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PostgreSQL Reference Manual - Volume 1 - SQL Language Reference
by The PostgreSQL Global Development Group
Paperback (6"x9"), 716 pages
ISBN 0954612027
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10.3.1 Table-Level Locks

The list below shows the available lock modes and the contexts in which they are used automatically by PostgreSQL. You can also acquire any of these locks explicitly with the command LOCK. Remember that all of these lock modes are table-level locks, even if the name contains the word “row”; the names of the lock modes are historical. To some extent the names reflect the typical usage of each lock mode--but the semantics are all the same. The only real difference between one lock mode and another is the set of lock modes with which each conflicts. Two transactions cannot hold locks of conflicting modes on the same table at the same time. (However, a transaction never conflicts with itself. For example, it may acquire ACCESS EXCLUSIVE lock and later acquire ACCESS SHARE lock on the same table.) Non-conflicting lock modes may be held concurrently by many transactions. Notice in particular that some lock modes are self-conflicting (for example, an ACCESS EXCLUSIVE lock cannot be held by more than one transaction at a time) while others are not self-conflicting (for example, an ACCESS SHARE lock can be held by multiple transactions).

Table-level lock modes:

ACCESS SHARE
Conflicts with the ACCESS EXCLUSIVE lock mode only. The SELECT command acquires a lock of this mode on referenced tables. In general, any query that only reads a table and does not modify it will acquire this lock mode.
ROW SHARE
Conflicts with the EXCLUSIVE and ACCESS EXCLUSIVE lock modes. The SELECT FOR UPDATE and SELECT FOR SHARE commands acquire a lock of this mode on the target table(s) (in addition to ACCESS SHARE locks on any other tables that are referenced but not selected FOR UPDATE/FOR SHARE).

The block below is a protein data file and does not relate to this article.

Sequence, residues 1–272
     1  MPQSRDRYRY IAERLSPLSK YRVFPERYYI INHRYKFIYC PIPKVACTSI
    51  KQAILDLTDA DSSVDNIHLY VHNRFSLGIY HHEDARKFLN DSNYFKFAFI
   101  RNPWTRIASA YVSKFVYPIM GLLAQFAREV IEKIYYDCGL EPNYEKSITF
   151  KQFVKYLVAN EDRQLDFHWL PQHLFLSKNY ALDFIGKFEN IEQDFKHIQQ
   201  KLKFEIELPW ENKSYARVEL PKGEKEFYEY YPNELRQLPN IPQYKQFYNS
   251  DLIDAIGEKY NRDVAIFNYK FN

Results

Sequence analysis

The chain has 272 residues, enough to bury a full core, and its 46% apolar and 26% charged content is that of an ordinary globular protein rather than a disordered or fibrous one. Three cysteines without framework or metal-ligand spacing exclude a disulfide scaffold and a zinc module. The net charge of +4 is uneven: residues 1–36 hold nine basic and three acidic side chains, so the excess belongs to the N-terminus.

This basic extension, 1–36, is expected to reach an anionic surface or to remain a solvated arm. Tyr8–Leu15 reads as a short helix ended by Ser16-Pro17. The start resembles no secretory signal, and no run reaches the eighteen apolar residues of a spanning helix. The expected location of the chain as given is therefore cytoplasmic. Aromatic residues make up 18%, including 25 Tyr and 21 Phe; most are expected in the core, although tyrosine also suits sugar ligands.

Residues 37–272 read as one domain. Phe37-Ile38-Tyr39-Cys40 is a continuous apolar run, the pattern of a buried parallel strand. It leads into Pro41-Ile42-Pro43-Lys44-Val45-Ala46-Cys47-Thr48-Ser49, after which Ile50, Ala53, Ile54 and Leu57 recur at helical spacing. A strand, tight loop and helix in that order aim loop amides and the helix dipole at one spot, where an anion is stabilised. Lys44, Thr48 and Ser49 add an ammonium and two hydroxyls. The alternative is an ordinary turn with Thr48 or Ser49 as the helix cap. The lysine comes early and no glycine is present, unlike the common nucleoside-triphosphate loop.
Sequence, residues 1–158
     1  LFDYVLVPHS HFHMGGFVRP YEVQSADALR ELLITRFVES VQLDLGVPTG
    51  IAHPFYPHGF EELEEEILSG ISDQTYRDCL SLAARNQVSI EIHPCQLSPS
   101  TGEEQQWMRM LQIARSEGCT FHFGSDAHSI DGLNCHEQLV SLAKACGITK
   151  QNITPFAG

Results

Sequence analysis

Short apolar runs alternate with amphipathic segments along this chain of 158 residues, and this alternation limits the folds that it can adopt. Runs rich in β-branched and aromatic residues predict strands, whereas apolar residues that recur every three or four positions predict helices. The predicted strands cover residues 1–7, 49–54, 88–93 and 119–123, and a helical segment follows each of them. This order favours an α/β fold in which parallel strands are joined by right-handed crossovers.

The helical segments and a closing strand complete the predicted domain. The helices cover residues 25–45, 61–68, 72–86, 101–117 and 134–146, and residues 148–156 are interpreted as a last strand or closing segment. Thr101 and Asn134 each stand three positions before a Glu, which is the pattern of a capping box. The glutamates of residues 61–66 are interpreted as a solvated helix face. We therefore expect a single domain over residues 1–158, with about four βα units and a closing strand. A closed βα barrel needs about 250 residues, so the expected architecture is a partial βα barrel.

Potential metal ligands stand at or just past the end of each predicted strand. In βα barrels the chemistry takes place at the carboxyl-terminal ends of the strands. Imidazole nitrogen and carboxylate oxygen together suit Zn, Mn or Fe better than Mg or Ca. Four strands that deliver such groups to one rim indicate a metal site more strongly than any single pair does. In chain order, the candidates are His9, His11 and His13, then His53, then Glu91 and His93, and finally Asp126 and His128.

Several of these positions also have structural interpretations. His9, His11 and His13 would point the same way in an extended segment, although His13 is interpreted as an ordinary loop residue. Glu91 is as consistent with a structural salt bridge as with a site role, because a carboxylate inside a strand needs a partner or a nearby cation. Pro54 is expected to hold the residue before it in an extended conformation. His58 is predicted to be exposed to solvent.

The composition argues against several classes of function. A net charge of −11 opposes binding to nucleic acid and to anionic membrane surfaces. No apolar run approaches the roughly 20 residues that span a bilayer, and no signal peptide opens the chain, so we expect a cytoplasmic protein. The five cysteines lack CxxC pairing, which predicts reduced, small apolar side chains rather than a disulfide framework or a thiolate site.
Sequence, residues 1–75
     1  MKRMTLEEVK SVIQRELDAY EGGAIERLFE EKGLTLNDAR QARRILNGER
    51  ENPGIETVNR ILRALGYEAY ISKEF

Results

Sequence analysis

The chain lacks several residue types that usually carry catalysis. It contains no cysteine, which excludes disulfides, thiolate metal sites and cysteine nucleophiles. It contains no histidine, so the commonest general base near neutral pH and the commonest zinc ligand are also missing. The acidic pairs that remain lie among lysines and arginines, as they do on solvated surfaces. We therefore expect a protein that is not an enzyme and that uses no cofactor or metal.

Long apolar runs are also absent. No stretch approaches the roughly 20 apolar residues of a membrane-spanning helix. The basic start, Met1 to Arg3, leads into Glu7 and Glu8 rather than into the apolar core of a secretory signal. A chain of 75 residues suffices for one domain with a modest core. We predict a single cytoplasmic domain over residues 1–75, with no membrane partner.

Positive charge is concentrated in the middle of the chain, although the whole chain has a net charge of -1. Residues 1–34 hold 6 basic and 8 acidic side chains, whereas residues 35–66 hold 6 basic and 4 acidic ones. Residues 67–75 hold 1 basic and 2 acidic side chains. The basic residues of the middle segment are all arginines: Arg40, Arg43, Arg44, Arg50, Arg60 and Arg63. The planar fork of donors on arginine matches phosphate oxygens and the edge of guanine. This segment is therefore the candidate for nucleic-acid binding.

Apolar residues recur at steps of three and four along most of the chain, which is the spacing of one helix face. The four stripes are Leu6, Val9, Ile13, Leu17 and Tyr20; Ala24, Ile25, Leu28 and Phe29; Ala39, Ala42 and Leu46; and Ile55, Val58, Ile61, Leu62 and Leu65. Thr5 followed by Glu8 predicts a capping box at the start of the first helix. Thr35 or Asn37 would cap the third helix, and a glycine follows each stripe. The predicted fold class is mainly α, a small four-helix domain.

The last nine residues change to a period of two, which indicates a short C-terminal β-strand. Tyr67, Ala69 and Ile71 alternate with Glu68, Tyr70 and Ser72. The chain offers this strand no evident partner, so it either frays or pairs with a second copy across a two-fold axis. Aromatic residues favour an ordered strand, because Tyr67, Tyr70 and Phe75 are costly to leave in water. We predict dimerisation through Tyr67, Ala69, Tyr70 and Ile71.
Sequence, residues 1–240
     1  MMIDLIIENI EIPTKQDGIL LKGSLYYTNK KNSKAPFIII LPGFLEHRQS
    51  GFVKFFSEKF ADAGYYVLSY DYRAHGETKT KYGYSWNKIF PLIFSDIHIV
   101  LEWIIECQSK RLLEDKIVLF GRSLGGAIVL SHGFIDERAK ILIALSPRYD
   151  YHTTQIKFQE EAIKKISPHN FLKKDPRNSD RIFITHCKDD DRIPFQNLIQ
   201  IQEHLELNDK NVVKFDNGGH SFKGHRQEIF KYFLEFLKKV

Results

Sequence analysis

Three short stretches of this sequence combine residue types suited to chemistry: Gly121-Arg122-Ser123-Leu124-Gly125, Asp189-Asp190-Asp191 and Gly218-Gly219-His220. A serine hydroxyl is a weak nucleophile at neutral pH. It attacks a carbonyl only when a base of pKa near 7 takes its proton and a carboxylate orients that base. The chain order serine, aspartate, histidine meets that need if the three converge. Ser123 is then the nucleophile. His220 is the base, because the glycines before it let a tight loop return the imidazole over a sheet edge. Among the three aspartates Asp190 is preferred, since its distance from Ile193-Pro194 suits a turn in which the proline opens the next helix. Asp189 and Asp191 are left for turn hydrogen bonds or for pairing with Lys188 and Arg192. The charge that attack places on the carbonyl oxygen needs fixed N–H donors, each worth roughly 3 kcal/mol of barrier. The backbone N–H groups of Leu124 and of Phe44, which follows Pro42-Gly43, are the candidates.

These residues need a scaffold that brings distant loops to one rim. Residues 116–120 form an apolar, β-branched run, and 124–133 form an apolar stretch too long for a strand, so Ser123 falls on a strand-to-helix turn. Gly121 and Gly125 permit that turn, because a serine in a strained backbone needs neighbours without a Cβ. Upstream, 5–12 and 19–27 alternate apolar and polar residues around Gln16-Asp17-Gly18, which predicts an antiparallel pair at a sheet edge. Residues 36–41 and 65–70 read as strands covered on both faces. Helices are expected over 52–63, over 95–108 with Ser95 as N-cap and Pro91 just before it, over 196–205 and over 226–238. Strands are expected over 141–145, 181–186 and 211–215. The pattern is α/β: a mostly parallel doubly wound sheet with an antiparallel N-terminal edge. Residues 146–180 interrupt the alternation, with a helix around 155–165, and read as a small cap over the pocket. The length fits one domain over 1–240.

ROW EXCLUSIVE
Conflicts with the SHARE, SHARE ROW EXCLUSIVE, EXCLUSIVE, and ACCESS EXCLUSIVE lock modes. The commands UPDATE, DELETE, and INSERT acquire this lock mode on the target table (in addition to ACCESS SHARE locks on any other referenced tables). In general, this lock mode will be acquired by any command that modifies the data in a table.
SHARE UPDATE EXCLUSIVE
Conflicts with the SHARE UPDATE EXCLUSIVE, SHARE, SHARE ROW EXCLUSIVE, EXCLUSIVE, and ACCESS EXCLUSIVE lock modes. This mode protects a table against concurrent schema changes and VACUUM runs. Acquired by VACUUM (without FULL), ANALYZE, and CREATE INDEX CONCURRENTLY.
SHARE
Conflicts with the ROW EXCLUSIVE, SHARE UPDATE EXCLUSIVE, SHARE ROW EXCLUSIVE, EXCLUSIVE, and ACCESS EXCLUSIVE lock modes. This mode protects a table against concurrent data changes. Acquired by CREATE INDEX (without CONCURRENTLY).
SHARE ROW EXCLUSIVE
Conflicts with the ROW EXCLUSIVE, SHARE UPDATE EXCLUSIVE, SHARE, SHARE ROW EXCLUSIVE, EXCLUSIVE, and ACCESS EXCLUSIVE lock modes. This lock mode is not automatically acquired by any PostgreSQL command.
EXCLUSIVE
Conflicts with the ROW SHARE, ROW EXCLUSIVE, SHARE UPDATE EXCLUSIVE, SHARE, SHARE ROW EXCLUSIVE, EXCLUSIVE, and ACCESS EXCLUSIVE lock modes. This mode allows only concurrent ACCESS SHARE locks, i.e., only reads from the table can proceed in parallel with a transaction holding this lock mode. This lock mode is not automatically acquired on user tables by any PostgreSQL command. However it is acquired on certain system catalogs in some operations.
ACCESS EXCLUSIVE
Conflicts with locks of all modes (ACCESS SHARE, ROW SHARE, ROW EXCLUSIVE, SHARE UPDATE EXCLUSIVE, SHARE, SHARE ROW EXCLUSIVE, EXCLUSIVE, and ACCESS EXCLUSIVE). This mode guarantees that the holder is the only transaction accessing the table in any way. Acquired by the ALTER TABLE, DROP TABLE, TRUNCATE, REINDEX, CLUSTER, and VACUUM FULL commands. This is also the default lock mode for LOCK TABLE statements that do not specify a mode explicitly.

Tip: Only an ACCESS EXCLUSIVE lock blocks a SELECT (without FOR UPDATE/SHARE) statement.

Once acquired, a lock is normally held till end of transaction. But if a lock is acquired after establishing a savepoint, the lock is released immediately if the savepoint is rolled back to. This is consistent with the principle that ROLLBACK cancels all effects of the commands since the savepoint. The same holds for locks acquired within a PL/pgSQL exception block: an error escape from the block releases locks acquired within it.

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